Researchers have shown that the positive immune system modifications that typically occur during pregnancy help women with multiple sclerosis (MS) temporarily improve when pregnant.
A particularly unique condition from an immunological perspective is pregnancy. The immune system protects us from harmful toxins. The mother’s immune system does not reject the father’s genetic material, even though it makes up half of the fetus’ genetic makeup.
The mother’s immune system is evolved to become more tolerant during pregnancy, which is why this balancing act always succeeds.
This discovery might result in improved disease therapies. In MS (multiple sclerosis), an autoimmune condition affecting nerve function, the immune system targets the fat surrounding nerve fibers. It acts as an insulating sheath, causing nerve damage. Most MS patients get worse over time despite new therapy options.
According to the researchers, the brief suppression of the immune response may account for why pregnant women with MS feel better. Relapses, or periods of symptoms, diminish by 70% in the latter third of pregnancy. Other autoimmune conditions, like rheumatoid arthritis, are also affected by this phenomenon and may momentarily improve while a woman is pregnant.
This is why the researchers behind this study wanted to look into what pathways might be important for decreasing symptoms during pregnancy as a first step towards developing future treatment techniques that have the same effect in MS and possibly other related disorders.
The researchers identified genes employed in T cells at various periods throughout pregnancy. They analyzed alterations governing gene switching on and off, specifically DNA methylation, to understand better the mechanisms underlying the decrease in symptoms during pregnancy. A pregnant woman with MS has an immune system similar to that of a healthy pregnant woman.
The researchers discovered networks of interacting genes that are impacted during pregnancy and are linked to the disease and crucial immune system activities. The most significant increases in T cells correspond to the greatest improvement in relapse frequency, with the most significant changes occurring in the last third of pregnancy, when women with MS benefit the most. These alterations are then reversed following pregnancy when disease activity temporarily increases.
Sandra Hellberg, assistant professor at the Department of Biomedical and Clinical Sciences at Linköping University and one of the researchers behind the study, said, “What was possibly most striking is that we couldn’t find any real differences between the groups during pregnancy, as it seems that the immune system of a pregnant woman with MS looks roughly like that of a healthy pregnant woman.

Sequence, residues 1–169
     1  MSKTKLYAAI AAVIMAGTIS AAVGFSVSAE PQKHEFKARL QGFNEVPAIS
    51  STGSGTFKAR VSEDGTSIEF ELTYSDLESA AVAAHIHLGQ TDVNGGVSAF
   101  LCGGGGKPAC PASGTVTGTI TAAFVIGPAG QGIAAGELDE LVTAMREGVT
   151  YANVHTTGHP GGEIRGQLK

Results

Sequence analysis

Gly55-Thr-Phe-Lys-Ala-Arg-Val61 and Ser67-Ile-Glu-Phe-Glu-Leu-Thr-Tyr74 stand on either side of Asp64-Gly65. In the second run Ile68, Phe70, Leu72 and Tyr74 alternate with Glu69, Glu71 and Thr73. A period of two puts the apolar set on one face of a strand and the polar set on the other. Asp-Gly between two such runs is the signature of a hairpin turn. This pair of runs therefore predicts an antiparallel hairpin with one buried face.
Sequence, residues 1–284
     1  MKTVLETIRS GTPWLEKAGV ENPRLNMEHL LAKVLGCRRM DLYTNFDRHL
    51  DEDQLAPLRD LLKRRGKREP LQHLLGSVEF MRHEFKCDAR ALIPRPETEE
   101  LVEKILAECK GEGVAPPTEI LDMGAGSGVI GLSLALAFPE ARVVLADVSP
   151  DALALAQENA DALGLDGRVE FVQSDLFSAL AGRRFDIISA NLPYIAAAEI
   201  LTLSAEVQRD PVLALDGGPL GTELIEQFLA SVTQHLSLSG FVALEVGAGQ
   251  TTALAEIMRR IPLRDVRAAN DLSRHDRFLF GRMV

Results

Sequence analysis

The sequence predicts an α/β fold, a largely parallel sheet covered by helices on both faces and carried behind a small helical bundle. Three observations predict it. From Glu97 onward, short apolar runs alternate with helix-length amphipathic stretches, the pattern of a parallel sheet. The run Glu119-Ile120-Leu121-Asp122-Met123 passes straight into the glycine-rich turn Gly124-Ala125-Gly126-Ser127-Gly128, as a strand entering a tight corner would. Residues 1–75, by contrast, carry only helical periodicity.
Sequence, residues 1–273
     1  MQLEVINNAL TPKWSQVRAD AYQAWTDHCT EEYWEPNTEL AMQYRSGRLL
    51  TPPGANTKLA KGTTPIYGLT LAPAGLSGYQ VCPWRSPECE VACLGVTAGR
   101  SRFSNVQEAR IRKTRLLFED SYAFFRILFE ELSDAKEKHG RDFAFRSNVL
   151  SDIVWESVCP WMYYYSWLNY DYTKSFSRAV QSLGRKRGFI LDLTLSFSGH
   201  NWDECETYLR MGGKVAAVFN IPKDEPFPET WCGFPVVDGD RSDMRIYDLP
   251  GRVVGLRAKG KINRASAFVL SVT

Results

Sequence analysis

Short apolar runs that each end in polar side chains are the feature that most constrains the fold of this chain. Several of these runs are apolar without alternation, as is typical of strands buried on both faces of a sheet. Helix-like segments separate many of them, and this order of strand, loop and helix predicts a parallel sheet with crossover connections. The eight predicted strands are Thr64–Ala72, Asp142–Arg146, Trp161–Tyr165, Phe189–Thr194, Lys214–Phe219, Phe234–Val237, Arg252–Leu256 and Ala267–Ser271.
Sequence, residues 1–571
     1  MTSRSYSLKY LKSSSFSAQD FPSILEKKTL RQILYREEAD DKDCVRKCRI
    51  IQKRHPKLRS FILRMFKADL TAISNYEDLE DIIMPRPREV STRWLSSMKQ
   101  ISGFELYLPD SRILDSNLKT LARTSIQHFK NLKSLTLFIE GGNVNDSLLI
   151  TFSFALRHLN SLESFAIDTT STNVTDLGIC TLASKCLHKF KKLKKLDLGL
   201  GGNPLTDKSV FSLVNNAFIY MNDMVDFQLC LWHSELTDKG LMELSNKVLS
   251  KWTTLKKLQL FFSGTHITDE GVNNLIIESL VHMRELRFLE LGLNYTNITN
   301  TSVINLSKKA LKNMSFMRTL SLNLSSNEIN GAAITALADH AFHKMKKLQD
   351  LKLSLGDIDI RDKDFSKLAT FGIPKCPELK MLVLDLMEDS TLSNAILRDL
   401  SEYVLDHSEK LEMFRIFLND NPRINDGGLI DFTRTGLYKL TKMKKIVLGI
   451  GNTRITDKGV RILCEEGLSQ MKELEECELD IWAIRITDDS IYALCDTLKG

The researchers discovered networks of interconnected genes that are altered during pregnancy. Their research demonstrates that these genes are strongly linked to the disease and crucial immune system activities.
Sandra Hellberg said, “We can see that the changes in the T cells mirror the amelioration in relapse frequency. The biggest changes happen in the last third of pregnancy, where women with MS improve the most. These changes are then reversed after pregnancy at the point in time when there is a temporary increase in disease activity. It is important to stress that disease activity after that goes back to what it was before the pregnancy.”
The network of genes impacted during pregnancy also included genes regulated by pregnancy hormones, primarily progesterone. The researchers are currently studying different hormones in the lab to understand better the mechanisms underlying this behavior.
This study results from a long-standing partnership between medical and bioinformatics specialists. Understanding the vast amount of data by analyzing it using network analysis, developed over many years by, among others, a research group directed by Mika Gustafsson at Linköping University, has been a crucial aspect of the project.
Network analysis is a technique for identifying genes that interact heavily with the genes of interest to the researchers. Other genes in the network are frequently found to be abnormally regulated, affecting crucial processes in disease.
Mika Gustafsson, professor of Bioinformatics, now making the analysis available to other researchers through a newly founded company, said, “Such insights can be used to find alternative medication and new biomarkers to differentiate between subgroups of a disease. We have used this strategy successfully for analysis in research into, for instance, allergy and multiple sclerosis.”
The study was conducted in collaboration with Linköping University, the Karolinska University Hospital in Solna, Linköping University Hospital, Länssjukhuset Ryhov in Jönköping, and Region Kalmar.
The study was funded by the Swedish Foundation for Strategic Research, the Swedish Research Council, NEURO Sweden, the Swedish Foundation for MS Research, Region stergötland, Linköping University, and others.